Sounds like a good idea, never considered it for our bus, I had some covers on our travel trailer way back when and they seem to work, sunlight cracks 'em pretty fast, eh?
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« Reply #30 on: April 24, 2011, 09:59:16 AM »

I've had Michelin's both on trucks and buses and in my opinion they sucked!
Tread life was the lowest of any brand I've ever had and don't even get me started on Michelin's warranty policy or lack of! (just because they claim to have a good warranty doesn't mean squat if they won't honor it and find ways to blame it on the owner or the vehicle!)

I've had good luck with Kumho's and up until recently was all I was running. But when we moved last yr the new tire shop we use can't get me as good of deal as I used to on the Kumho's but for $50-75 more I get Firestone's and have had great results with them wear & fuel mileage wise!
Now as far as warranty goes the best warranty results I ever got was with Bridgestone but I had to buy a tire and leave the old one to be "looked at by the factory rep" but got 95% back! (had same issue with a Goodyear and it took a year and only got 25% back both "new" tires with less than 10,000 miles on them! And don't even try to get Michelin to warranty one!)
FWIW
Grin  BK  Grin
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Busted Knuckle aka Bryce Gaston
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« Reply #31 on: April 24, 2011, 01:58:46 PM »

I have Firestones FS590s on my bus.   I have never had another tire to compare.  They are not the cheapest, but not the most expensive either.

I am going to be making a few calls this week to see what tire prices are running these days.  If I could sell my current tires for a decent price I might change them out this year instead of another year or two down the road.
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Brian Elfert - 1995 Dina Viaggio 1000 Series 60/B500 - 75% done but usable - Minneapolis, MN
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« Reply #32 on: April 24, 2011, 03:24:02 PM »

  Theres a local tire guy back in Mn I frequented, he used to be a big Michelin dealer, said they were still one of the highest rated tires. But, he said some years ago they just stopped warranteeing them for every reason they could come up with. And not just his but every dealer he knew was saying the same thing. He had many long time customers pretty upset and finally told Michelin he was done. The last few years ive heard and read simular, and this thread now too, and on big OTR semi truck tires no less.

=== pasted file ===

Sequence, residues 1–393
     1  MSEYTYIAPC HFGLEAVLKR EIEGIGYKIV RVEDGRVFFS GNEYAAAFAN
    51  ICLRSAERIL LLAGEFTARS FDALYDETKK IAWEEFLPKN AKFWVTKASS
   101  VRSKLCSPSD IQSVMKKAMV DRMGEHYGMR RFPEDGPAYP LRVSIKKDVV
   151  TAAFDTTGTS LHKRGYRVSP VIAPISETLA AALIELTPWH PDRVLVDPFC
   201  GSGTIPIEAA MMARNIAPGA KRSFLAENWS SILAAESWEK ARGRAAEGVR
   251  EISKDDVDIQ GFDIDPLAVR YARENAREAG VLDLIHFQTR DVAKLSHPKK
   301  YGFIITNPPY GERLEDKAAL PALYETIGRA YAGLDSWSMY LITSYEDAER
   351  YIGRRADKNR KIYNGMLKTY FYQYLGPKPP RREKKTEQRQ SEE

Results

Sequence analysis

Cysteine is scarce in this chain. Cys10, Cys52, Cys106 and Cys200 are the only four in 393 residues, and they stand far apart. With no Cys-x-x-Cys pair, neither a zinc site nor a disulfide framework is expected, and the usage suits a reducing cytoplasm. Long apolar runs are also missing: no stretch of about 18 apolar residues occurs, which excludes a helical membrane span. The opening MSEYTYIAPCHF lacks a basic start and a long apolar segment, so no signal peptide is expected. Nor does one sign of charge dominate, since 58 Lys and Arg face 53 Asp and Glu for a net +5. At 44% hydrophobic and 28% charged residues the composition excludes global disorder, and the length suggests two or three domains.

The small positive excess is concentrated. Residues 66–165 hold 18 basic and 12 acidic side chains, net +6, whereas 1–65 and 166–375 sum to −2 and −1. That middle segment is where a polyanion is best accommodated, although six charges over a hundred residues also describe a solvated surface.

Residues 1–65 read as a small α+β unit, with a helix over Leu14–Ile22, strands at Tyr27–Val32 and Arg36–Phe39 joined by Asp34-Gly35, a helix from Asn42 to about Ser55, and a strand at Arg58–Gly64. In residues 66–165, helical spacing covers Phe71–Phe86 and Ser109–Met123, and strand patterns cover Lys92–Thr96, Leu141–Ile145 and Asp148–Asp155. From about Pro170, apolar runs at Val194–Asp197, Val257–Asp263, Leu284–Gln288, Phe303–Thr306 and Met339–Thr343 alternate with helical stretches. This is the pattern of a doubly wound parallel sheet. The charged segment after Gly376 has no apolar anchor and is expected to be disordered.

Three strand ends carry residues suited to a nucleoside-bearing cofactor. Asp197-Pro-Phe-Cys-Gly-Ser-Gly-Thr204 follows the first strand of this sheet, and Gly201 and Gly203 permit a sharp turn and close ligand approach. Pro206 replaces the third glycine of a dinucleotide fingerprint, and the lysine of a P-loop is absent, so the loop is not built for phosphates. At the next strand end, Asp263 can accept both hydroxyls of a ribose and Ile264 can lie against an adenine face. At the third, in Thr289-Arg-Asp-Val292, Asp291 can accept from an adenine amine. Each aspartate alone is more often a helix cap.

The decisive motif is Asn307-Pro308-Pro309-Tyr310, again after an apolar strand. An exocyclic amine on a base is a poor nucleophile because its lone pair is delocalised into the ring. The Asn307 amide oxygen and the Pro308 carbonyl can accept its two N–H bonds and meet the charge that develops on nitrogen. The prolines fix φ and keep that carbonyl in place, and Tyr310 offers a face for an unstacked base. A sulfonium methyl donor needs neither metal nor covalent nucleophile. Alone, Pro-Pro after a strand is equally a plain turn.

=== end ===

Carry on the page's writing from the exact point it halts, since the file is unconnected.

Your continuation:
Last week when I picked up the Bus, I was talking to a trucker. He said he had heard a lot of Michelins were zippering open in the sidewalls.

  Its one thing for a tire to fail, but its another thing altogether when they wont stand behind them. And then another thing yet again to charge more than anyone else. Spread the word, tell your friends, and let Michelin know the only way big companies today learn anything. When their sales drop. They sure wont read letters customers send them, they dont care.

  It seems there is just no integrity anymore. Companies grow through good products and good service, then get greedy, sometimes when Jr takes over and think screwing people willmake more profit. They start over charging, cutting corners, and stop standing behind their product. Even mighty Mercedes Benz has done it.
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TomC
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« Reply #33 on: April 24, 2011, 08:38:15 PM »

With a 11R-22.5 16 ply, you can run up to 13,200lb in the front.  My 11R-24.5's 16ply are rated at 14,200lbs in the front.  If that's not enough then go with the 295/80R-22.5 that is rated to 15,500lbs.  Course the next step is the 315/80R-22.5 up to 18,000lbs (they do have a 20,000lb version, but only to 65mph).  Good Luck, TomC
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Tom & Donna Christman. '77 AMGeneral 10240B; 8V-71TATAIC V730.
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« Reply #34 on: April 25, 2011, 04:55:51 AM »

I was told once that 315/80's won't fit on an older 22.5 rim. Anynoe know more about that?
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robertglines1
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« Reply #35 on: April 25, 2011, 05:05:05 AM »

315 rim width width suggested size is 9 inches wide. only reason I know of
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« Reply #36 on: April 25, 2011, 05:16:35 AM »

315/80/22.5 most major brands require a 9 inch wide rim they will work on the 8.5 but you give up the max carrying capability of the tire,there are brands out there that work fine on a 8.5 wheel so the tire guys say and I believe Toyo is one that works on both


good luck
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« Reply #37 on: April 25, 2011, 08:02:31 AM »

The popular 22.5 wheel widths are 7.5" (for 10" and smaller tires), 8.25" (for 11", 275, 295, and 315 at lowered poundage), 9" (for 12, 315), 12.25" (for the big 385, 425, 445, 455 tires).

You can run 315's on a 8.25" rim, but most 8.25" rims are only rated to 6,600lbs.   And since the 315 is rated to 9,000lbs at 75mph, and the 20 ply 315 at 10,000lbs at 65mph, the 9" rim is made to take that kind of weight.  Good Luck, TomC